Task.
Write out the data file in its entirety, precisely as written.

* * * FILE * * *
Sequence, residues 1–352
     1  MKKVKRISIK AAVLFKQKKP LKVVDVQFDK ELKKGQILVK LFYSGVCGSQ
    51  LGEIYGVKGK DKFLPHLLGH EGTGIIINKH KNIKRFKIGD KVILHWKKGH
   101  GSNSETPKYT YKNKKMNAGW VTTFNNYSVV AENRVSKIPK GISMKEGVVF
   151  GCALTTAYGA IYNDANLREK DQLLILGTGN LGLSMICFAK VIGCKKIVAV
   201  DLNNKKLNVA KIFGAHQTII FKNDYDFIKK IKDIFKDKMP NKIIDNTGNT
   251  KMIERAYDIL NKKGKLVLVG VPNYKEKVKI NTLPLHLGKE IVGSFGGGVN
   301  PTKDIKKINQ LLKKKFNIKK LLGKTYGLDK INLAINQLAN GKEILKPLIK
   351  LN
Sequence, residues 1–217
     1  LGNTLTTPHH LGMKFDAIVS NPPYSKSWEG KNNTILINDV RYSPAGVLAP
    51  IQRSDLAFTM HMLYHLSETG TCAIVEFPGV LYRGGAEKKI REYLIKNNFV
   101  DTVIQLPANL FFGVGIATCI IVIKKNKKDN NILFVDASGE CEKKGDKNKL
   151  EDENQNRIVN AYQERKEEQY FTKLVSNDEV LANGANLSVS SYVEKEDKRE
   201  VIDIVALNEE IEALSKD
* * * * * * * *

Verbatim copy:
Sequence, residues 1–352
     1  MKKVKRISIK AAVLFKQKKP LKVVDVQFDK ELKKGQILVK LFYSGVCGSQ
    51  LGEIYGVKGK DKFLPHLLGH EGTGIIINKH KNIKRFKIGD KVILHWKKGH
   101  GSNSETPKYT YKNKKMNAGW VTTFNNYSVV AENRVSKIPK GISMKEGVVF
   151  GCALTTAYGA IYNDANLREK DQLLILGTGN LGLSMICFAK VIGCKKIVAV
   201  DLNNKKLNVA KIFGAHQTII FKNDYDFIKK IKDIFKDKMP NKIIDNTGNT
   251  KMIERAYDIL NKKGKLVLVG VPNYKEKVKI NTLPLHLGKE IVGSFGGGVN
   301  PTKDIKKINQ LLKKKFNIKK LLGKTYGLDK INLAINQLAN GKEILKPLIK
   351  LN
Sequence, residues 1–217
     1  LGNTLTTPHH LGMKFDAIVS NPPYSKSWEG KNNTILINDV RYSPAGVLAP
    51  IQRSDLAFTM HMLYHLSETG TCAIVEFPGV LYRGGAEKKI REYLIKNNFV
   101  DTVIQLPANL FFGVGIATCI IVIKKNKKDN NILFVDASGE CEKKGDKNKL
   151  EDENQNRIVN AYQERKEEQY FTKLVSNDEV LANGANLSVS SYVEKEDKRE
   201  VIDIVALNEE IEALSKD